A Model to Explain the Institutional and Student Characteristics Related to STEM Baccalaureate Graduates from Historically Black Colleges and Universities Who Earn Doctoral Degrees
The Quality Education for Minorities (QEM) Network, in collaboration with American Institutes for Research (AIR), received a three-year award from the National Science Foundation (NSF) to examine learning environments that enable undergraduate students to thrive and subsequently go on to attain doctoral degrees in science and engineering (S&E).
The objectives of the project are to:
1) identify unique characteristics of STEM learning environments at the 21 HBCUs that NSF ranked as top producers of Black baccalaureate degree recipients who received S&E doctorates (which we refer to as anchor institutions);
2) identify 21 HBCUs that have similar characteristics as anchor HBCUs and have high potential to graduate black students that go on to earn doctoral degrees (which we refer to as emerging institutions); and
3) develop and disseminate a model that builds HBCU capacity to produce graduates that go on to earn S&E doctorates.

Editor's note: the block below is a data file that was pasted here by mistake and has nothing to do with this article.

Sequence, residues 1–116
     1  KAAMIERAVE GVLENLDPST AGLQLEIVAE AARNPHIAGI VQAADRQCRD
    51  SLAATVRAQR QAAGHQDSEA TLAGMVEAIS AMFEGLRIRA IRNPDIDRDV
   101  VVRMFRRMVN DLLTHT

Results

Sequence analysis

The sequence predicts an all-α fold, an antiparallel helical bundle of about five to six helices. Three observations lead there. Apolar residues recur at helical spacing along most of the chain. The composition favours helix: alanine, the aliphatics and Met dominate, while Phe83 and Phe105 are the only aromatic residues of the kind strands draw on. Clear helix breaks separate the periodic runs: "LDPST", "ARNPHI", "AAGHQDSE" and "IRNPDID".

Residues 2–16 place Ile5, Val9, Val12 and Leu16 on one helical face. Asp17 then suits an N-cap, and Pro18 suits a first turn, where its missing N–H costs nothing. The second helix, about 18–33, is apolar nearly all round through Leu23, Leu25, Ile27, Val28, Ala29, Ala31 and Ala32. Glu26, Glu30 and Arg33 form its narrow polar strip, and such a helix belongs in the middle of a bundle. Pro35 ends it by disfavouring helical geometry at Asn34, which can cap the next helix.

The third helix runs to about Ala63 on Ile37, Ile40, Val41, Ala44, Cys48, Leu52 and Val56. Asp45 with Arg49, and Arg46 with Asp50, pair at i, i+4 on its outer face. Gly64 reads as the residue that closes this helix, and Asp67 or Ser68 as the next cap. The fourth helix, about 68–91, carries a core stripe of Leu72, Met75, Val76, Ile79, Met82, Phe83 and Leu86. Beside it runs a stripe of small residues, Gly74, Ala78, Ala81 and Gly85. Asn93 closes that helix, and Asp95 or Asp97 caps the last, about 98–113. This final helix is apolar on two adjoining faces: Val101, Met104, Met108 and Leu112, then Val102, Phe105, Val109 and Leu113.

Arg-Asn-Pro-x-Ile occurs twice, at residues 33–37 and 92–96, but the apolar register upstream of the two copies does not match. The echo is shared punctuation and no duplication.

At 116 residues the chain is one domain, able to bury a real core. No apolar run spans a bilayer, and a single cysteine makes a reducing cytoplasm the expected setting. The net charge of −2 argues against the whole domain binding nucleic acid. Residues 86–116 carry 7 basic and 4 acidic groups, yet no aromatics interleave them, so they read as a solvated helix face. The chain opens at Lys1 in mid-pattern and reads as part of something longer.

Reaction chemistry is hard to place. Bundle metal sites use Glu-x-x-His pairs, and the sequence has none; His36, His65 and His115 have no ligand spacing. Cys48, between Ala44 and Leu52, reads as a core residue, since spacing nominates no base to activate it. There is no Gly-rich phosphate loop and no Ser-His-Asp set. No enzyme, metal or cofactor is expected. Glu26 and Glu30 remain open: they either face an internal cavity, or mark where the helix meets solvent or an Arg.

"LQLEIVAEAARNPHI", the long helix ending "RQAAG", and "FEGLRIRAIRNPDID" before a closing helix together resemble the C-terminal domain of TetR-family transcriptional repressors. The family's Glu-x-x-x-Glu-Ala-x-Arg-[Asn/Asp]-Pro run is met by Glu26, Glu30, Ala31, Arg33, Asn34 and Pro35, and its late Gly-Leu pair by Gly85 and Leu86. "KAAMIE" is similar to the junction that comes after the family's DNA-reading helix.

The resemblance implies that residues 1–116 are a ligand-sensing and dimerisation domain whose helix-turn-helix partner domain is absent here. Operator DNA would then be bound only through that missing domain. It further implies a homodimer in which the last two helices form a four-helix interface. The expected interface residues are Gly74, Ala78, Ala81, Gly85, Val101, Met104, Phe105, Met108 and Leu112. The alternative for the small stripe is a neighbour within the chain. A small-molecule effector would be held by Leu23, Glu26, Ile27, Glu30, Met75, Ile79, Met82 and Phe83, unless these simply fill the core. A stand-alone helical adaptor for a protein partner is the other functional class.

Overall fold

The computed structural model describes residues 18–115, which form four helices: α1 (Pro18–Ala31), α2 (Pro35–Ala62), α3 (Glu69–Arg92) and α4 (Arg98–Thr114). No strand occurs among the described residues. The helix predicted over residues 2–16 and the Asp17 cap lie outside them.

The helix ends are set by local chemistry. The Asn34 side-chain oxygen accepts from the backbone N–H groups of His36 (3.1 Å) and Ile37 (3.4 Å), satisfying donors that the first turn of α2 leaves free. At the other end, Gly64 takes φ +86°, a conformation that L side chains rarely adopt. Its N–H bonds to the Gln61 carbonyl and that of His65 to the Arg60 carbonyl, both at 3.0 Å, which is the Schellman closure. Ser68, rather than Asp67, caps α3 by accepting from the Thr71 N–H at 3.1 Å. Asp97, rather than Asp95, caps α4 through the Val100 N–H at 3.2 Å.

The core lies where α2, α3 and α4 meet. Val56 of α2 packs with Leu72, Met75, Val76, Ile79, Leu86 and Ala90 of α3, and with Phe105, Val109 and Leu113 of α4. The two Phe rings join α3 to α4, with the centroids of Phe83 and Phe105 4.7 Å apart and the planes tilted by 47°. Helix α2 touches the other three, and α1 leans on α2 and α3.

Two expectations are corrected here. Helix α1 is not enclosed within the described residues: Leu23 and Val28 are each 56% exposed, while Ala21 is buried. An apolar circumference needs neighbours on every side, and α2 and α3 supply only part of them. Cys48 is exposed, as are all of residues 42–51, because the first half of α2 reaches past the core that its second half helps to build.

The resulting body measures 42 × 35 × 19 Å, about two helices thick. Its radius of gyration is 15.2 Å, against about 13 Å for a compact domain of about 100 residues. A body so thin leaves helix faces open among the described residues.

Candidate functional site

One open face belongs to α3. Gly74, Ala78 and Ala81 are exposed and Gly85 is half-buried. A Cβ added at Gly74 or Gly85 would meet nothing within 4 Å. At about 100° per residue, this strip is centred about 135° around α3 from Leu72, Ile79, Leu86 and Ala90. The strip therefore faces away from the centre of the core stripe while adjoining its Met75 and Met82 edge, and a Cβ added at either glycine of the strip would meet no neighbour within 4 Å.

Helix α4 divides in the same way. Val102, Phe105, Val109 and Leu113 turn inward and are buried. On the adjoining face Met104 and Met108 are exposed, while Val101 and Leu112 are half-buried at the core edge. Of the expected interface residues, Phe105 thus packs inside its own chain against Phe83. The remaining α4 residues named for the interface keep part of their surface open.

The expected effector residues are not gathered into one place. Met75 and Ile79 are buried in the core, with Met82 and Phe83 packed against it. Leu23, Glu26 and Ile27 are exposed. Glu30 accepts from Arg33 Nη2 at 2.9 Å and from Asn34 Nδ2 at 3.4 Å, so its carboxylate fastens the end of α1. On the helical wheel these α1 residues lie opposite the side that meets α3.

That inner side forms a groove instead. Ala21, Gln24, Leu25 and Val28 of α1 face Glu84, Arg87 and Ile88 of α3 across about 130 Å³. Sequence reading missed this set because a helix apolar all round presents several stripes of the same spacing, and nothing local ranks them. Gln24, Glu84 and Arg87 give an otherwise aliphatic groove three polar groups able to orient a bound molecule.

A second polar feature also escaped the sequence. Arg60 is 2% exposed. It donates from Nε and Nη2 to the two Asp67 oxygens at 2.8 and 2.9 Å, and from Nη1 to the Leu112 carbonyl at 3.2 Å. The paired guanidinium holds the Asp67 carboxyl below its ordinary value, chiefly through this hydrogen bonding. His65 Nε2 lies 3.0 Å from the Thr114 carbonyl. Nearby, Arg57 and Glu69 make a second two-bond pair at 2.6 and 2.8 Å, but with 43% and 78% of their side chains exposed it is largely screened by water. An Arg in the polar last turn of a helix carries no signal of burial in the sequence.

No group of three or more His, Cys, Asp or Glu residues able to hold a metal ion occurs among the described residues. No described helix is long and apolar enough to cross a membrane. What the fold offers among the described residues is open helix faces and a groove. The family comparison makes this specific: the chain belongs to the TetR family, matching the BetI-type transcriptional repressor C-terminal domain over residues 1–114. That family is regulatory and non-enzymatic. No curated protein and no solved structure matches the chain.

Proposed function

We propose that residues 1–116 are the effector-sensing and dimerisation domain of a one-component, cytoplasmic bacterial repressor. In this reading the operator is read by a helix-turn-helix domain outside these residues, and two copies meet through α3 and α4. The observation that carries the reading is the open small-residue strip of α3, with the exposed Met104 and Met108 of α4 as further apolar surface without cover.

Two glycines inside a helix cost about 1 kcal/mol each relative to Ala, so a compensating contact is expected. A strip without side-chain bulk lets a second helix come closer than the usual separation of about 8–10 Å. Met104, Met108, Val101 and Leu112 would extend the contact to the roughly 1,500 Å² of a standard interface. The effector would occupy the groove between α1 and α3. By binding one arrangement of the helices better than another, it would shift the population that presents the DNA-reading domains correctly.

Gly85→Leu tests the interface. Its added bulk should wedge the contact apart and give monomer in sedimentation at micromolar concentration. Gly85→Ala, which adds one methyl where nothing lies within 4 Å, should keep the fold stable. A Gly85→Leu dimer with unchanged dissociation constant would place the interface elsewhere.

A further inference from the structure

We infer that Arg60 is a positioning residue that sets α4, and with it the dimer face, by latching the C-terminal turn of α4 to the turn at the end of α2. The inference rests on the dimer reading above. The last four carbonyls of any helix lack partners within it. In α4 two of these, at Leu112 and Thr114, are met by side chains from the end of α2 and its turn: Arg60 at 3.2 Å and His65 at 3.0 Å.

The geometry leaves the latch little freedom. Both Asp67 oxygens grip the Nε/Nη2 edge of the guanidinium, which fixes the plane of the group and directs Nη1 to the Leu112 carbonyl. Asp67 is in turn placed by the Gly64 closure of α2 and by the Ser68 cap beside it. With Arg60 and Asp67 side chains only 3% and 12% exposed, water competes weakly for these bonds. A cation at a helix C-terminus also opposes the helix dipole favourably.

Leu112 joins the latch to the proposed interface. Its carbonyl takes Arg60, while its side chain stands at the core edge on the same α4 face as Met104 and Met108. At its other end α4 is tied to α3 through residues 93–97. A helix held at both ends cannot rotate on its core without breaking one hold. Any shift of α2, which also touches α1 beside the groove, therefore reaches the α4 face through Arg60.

Findings from this study will expand the evidence-based understanding of HBCU STEM learning environments in which undergraduate students are most likely to thrive and subsequently go on to attain doctoral degrees in S&E.
Part of this project involves working closely with site liaisons at both the anchor and emerging institutions to support our data collection efforts. Each site liaison will participate in interviews and support the research team throughout the student recruitment process and data collection activities (please see more detailed information under the Q&A). Site liaisons will receive a stipend of $1,000 (divided into two payments of $500.00 each) for full participation throughout the project. We have identified site liaisons from the 21 anchor institutions and 12 emerging institutions listed below.